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The premiere took place six years ago. Western world epitomizes prestige science fiction at its peak. Expensive HBO Series old school Michael Crichton pedigree, it had a stellar cast and a dizzying premise: what if all sentient robots or “hosts” in a western theme park decide they’ve had enough of being kicked and dragged? Subsequent seasons revealed the influence of artificial intelligence and went far beyond the appeal of Westworld, the global mush of money, corruption, and mind falsification that was nightmarish fuel for viewers who watched at home by scrolling through Twitter. It was a hit, albeit a modest one.
But like many popular shows, when they wrap up their second season, it’s gone a bit off the rails. By season 3 Western world became tediousshow, maybe too much a lot of good ideas and little space for their implementation. When host Dolores (Evan Rachel Wood) escaped from Westworld and attempted to destroy and/or save the humanity that had enslaved her, she inspired a revolution that led to the destruction of the reality-manipulating AI known as Rehoboam. It turned out that the Man in Black is William, the son-in-law of the founder of Delos, who built the Wild West World. Everyone had a role to play, many people (and androids) died, and by the end tracking down all or any of them became a chore.
In the first two episodes of season 4, which launched on June 26, everything has changed – and for the better. Caleb (Aaron Paul), once a machine resistance soldier, now has a family and a steady job, and while he also has post-traumatic stress, he’s not as inclined towards the theatrical as he used to be. He is called back to join Maeve (Thandie Newton) as both of them are again being hunted by ghostly hosts, but their search now feels more like a brooding character drama than an act 3 scene in Terminator movie. maybe Western world going to burn slowly during the first half of the current season. Regardless, it seems that creators Lisa Joy and Jonathan Nolan have realized that less is more in today’s science fiction.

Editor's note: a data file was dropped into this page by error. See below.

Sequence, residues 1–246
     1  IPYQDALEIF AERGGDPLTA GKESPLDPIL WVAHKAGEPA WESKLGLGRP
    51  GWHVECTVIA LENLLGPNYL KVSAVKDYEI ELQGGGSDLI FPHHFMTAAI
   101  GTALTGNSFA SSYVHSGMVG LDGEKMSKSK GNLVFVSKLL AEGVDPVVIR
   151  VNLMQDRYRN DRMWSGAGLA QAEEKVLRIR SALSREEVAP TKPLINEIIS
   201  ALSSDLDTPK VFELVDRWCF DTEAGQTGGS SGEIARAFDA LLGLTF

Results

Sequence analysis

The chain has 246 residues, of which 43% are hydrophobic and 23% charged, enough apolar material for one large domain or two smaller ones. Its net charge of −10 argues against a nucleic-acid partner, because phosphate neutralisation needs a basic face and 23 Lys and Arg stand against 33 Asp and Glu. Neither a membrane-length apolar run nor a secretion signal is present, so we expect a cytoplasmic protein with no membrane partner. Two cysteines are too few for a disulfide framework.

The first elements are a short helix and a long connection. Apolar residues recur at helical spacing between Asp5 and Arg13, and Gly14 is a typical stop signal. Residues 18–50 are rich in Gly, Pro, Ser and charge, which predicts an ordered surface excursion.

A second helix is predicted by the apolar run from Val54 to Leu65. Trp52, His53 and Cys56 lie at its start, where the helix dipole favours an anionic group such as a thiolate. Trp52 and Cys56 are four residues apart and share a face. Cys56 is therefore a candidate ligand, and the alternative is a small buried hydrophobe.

The best shows and movies are often based on character dramas; even Western world was in the first season. But as we enter a new golden era of television, the show’s more focused direction signals a shift that, thankfully, has been happening for a long time. Instead of sci-fi with interesting characters, the best shows now are thrillers or political dramas with sci-fi backgrounds. it For all mankind played out like Madmen in space. Or After Yanga family drama about the permanence of memory wrapped in history about a dead droid.
Or perhaps in his best current incarnation, Severance. The breakout hit Apple TV+ is primarily a workplace thriller about coping with loss, but it’s built on genre premises like “Should We Split Our Brains?” and “What if you lived in a corporate city where the company was very shady and possibly iconic?” Futuristic science fiction can often feel cold, which works when it creates a dystopian atmosphere, but can also be some kind of bummer. which shows how Severance as well as Western world what we are doing is hiding philosophical dilemmas under this sleek exterior. The internal peacebuilding is just as strong as the external one. It’s an ethos that has been at the center of science fiction for decades, but one that can get lost in ratings and hype.
Per Western world, the move paid off. In the weeks since the premiere of the new season of the show, Vanity Fair wrote that the last installments were “modernized model“. The Daily Beast said it was “worth watching again“. This also seems to be correct. Genre franchises often go astray and then get back on track. Western worldThe final season is a much-needed reboot.
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